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SEC Mulls More Disclosure for ESG Funds

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What You Need to Know

  • Chairman Gensler asks staff to consider recommendations for disclosure of criteria and data underlying investments.
  • Gensler also questions the current naming conventions for funds more generally.
  • He also wants staff to study disclosures about diversity at the board and senior management levels of asset managers.

The Securities and Exchange Commission is concerned about the lack of clarity in the sustainable investing fund universe and is considering requiring more disclosure about the criteria and data funds use as well as new naming conventions.

“When it comes to sustainability-related investing … there’s currently a huge range of what asset managers might mean by certain terms or what criteria they use,” SEC Chairman Gary Gensler said before Wednesday’s Asset Management Advisory Committee meeting.

He described the variety of investment approaches used by funds and the assertions they make — screening out industries such as fossil fuels and tobacco, claiming minimal greenhouse gas emissions from their corporate assets, using terms like “green” or “sustainable’” — usually without providing the criteria and data that underlie those terms and assertions.

“I think investors should be able to drill down to see what’s under the hood for these funds,” said Gensler, noting the lack of standardization of the labels that sustainable funds use.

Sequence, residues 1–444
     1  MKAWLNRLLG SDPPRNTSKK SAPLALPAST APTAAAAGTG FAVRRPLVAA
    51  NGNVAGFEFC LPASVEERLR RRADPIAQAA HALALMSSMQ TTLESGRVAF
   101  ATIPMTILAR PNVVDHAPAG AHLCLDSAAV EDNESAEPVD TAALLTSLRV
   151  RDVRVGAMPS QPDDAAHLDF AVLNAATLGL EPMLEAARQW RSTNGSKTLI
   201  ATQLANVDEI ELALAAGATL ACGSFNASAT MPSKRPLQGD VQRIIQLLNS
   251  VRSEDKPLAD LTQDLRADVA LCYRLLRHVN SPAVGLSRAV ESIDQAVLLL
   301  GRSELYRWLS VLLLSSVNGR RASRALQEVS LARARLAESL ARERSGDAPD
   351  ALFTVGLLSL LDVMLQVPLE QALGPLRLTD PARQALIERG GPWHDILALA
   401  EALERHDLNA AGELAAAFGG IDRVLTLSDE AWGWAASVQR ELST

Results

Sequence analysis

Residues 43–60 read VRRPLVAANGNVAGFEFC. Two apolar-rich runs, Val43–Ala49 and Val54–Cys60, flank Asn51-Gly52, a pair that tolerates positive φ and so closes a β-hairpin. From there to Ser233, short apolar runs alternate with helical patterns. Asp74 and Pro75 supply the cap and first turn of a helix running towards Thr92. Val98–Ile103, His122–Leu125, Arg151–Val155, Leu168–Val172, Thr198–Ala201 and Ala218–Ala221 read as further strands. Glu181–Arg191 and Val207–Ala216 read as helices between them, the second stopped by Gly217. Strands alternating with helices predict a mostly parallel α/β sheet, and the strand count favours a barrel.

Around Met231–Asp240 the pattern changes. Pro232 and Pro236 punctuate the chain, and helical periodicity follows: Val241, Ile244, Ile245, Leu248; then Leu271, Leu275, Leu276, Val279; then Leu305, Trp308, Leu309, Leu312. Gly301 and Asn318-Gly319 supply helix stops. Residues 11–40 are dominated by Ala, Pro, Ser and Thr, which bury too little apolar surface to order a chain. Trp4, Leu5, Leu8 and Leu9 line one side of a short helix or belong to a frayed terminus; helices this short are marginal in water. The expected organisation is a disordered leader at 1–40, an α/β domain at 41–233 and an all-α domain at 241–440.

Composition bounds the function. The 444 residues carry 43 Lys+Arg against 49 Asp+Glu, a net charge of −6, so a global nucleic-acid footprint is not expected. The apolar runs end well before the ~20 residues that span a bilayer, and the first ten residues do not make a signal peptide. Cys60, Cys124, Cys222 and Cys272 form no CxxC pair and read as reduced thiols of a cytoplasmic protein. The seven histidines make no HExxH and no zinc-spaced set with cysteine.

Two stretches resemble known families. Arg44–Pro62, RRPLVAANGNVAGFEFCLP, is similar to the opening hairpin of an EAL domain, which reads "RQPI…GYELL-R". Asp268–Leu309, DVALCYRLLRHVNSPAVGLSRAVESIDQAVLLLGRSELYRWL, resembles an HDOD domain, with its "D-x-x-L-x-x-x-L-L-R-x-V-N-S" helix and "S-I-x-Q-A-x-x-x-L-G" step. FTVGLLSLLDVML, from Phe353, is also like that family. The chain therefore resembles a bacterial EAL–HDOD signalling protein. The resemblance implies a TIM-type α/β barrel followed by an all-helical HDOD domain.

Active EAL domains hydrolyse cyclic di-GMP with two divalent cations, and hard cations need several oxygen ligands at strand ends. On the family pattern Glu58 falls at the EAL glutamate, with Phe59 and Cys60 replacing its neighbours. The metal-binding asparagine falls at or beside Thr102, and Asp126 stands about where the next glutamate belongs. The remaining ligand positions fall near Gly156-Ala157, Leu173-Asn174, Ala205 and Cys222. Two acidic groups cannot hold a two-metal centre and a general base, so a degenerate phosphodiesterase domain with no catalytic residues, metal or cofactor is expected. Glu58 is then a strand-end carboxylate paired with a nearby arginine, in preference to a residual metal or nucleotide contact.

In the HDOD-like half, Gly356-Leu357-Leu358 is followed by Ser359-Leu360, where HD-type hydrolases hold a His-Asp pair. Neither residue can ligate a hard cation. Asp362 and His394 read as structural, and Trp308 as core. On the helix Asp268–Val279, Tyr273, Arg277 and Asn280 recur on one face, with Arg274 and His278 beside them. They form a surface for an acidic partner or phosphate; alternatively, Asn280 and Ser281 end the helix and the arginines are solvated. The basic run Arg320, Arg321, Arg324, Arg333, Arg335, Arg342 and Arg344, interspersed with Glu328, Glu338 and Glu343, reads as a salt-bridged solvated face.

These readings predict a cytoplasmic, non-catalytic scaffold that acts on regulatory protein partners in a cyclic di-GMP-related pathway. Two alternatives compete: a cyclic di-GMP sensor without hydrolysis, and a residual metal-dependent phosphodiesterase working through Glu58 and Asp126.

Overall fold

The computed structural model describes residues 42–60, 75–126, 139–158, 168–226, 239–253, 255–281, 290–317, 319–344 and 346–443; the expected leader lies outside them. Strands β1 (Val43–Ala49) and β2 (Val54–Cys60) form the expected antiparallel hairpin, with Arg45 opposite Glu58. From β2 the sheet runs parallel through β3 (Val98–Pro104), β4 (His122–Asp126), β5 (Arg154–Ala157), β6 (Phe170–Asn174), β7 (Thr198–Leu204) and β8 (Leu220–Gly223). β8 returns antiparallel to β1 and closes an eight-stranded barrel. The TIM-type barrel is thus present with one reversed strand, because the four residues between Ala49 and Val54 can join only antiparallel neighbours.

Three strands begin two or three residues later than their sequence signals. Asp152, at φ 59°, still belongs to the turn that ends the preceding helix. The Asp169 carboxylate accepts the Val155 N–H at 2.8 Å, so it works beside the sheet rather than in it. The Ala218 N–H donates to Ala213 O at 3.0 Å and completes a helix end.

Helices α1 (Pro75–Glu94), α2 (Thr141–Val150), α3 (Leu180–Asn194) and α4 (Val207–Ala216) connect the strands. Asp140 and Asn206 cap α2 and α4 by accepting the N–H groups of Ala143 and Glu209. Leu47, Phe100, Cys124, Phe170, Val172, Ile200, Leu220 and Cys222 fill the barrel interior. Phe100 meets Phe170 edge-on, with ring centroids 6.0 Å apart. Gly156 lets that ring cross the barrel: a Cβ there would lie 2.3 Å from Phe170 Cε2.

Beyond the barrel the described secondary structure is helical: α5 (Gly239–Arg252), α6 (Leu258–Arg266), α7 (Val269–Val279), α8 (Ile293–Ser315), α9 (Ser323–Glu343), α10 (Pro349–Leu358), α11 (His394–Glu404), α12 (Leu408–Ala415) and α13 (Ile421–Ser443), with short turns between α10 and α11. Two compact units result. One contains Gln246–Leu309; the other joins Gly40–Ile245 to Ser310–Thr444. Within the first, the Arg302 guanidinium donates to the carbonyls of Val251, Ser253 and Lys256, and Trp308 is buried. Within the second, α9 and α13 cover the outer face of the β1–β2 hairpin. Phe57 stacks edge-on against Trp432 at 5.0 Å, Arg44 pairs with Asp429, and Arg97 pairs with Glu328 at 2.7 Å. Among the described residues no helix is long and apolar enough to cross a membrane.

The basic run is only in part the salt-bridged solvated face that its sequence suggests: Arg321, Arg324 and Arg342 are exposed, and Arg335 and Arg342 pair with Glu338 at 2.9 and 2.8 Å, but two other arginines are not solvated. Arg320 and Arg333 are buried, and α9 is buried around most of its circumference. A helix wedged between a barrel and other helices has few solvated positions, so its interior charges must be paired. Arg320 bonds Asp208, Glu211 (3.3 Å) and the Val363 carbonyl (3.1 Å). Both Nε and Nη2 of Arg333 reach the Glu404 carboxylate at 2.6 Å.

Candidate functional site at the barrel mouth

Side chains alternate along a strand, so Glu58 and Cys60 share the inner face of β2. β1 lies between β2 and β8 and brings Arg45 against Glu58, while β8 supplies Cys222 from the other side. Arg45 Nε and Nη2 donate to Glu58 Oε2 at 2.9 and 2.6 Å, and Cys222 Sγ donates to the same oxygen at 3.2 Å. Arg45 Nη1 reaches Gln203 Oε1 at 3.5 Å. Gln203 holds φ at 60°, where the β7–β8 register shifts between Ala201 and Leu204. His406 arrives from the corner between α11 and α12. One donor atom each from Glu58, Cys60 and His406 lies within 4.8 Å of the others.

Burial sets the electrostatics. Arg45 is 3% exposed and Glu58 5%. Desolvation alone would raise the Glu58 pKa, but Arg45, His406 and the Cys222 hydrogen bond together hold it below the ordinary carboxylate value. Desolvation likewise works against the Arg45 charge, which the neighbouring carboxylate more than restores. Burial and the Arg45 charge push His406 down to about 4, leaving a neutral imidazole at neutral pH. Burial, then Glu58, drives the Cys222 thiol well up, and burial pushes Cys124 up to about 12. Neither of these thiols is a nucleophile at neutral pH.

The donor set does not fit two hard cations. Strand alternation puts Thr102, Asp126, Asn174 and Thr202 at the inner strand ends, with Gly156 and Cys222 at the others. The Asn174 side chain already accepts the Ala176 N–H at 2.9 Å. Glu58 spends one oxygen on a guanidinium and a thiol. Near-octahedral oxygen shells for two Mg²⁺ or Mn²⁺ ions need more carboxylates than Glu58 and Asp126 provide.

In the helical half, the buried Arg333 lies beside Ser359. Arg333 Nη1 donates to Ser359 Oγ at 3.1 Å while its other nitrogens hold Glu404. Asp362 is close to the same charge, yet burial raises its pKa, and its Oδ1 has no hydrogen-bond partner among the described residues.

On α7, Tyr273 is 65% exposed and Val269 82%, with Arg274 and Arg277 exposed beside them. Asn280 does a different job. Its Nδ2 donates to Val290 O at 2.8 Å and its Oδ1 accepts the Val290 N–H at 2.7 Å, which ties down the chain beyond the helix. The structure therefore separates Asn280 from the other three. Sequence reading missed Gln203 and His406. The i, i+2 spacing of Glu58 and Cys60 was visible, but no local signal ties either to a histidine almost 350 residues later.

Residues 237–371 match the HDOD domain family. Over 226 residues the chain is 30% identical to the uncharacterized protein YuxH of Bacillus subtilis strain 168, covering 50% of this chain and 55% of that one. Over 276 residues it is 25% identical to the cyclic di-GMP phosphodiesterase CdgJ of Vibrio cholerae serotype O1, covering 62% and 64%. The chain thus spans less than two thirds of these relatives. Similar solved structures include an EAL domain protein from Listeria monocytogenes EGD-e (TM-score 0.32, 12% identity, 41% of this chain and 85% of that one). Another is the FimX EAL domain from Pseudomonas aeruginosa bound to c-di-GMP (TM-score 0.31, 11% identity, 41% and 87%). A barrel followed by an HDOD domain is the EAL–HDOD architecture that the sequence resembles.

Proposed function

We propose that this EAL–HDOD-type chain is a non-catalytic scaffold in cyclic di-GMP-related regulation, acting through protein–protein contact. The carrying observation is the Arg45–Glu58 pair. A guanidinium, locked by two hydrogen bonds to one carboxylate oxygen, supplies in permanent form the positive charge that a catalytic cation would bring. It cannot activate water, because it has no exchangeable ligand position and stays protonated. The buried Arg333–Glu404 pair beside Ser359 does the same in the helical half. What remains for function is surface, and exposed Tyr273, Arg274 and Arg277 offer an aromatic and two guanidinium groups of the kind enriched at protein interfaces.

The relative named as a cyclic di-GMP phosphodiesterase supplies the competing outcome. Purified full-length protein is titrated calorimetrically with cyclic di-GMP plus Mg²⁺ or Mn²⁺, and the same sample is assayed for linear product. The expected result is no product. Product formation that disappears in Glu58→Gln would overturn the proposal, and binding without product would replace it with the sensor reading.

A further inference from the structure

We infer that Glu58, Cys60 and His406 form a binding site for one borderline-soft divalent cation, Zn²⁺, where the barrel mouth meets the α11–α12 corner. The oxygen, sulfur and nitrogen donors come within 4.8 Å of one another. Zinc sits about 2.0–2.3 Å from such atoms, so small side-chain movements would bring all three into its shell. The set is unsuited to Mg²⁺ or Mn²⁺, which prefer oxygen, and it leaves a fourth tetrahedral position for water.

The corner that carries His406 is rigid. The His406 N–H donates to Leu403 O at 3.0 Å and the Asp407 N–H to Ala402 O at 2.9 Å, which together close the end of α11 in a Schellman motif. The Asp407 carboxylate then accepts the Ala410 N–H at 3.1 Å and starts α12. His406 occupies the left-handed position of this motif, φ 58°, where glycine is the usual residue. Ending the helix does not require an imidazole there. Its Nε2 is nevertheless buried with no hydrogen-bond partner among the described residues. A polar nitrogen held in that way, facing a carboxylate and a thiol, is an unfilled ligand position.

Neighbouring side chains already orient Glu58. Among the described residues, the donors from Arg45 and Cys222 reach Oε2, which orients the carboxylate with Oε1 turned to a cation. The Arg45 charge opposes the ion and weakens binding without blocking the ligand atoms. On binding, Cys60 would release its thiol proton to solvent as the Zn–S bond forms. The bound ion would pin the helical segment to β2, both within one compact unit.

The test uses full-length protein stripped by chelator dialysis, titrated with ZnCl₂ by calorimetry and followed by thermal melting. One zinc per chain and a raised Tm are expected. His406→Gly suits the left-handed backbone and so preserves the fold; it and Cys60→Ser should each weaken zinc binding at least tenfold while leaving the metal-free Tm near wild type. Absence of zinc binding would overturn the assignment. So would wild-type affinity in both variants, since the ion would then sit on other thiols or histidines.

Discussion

With that in mind, Gensler said he is directing staff to consider recommendations about whether fund managers should disclose the criteria and underlying data they use and study current naming conventions for funds, which are largely based on investment types rather than investment strategies.

“It may well be a distinction without a meaningful difference,” Gensler said of current naming conventions.

He said updates to fund disclosures and to naming conventions “could bring needed transparency to the asset management industry, particularly in light of the significant growth in the sustainability area.”

According to The Forum for Sustainable and Responsible Investment (US SIF), there were 836 sustainable funds with $3.10 trillion in assets in the U.S. at the end of 2020.

Diversity in the Asset Management Industry

Gensler also asked staff to consider ways for the asset management industry to enhance transparency about diversity at the board and senior management level. The diversity subcommittee of the Asset Management Advisor Committee recommended more transparency as a first step to improving diversity in the industry. Such disclosure could include aggregated demographic data about a firm’s employees and owners and about its diversity and inclusion practices in hiring.

The committee also recommended, among its many suggestions, that the commission clarify the variety of factors that fiduciaries can use when selecting asset managers, beyond assets under management (AUM) and length of track record. Those two criteria often eliminate “nearly all asset management firms owned by women and people of color from consideration in the selection process for institutional asset management,” according to the subcommittee report.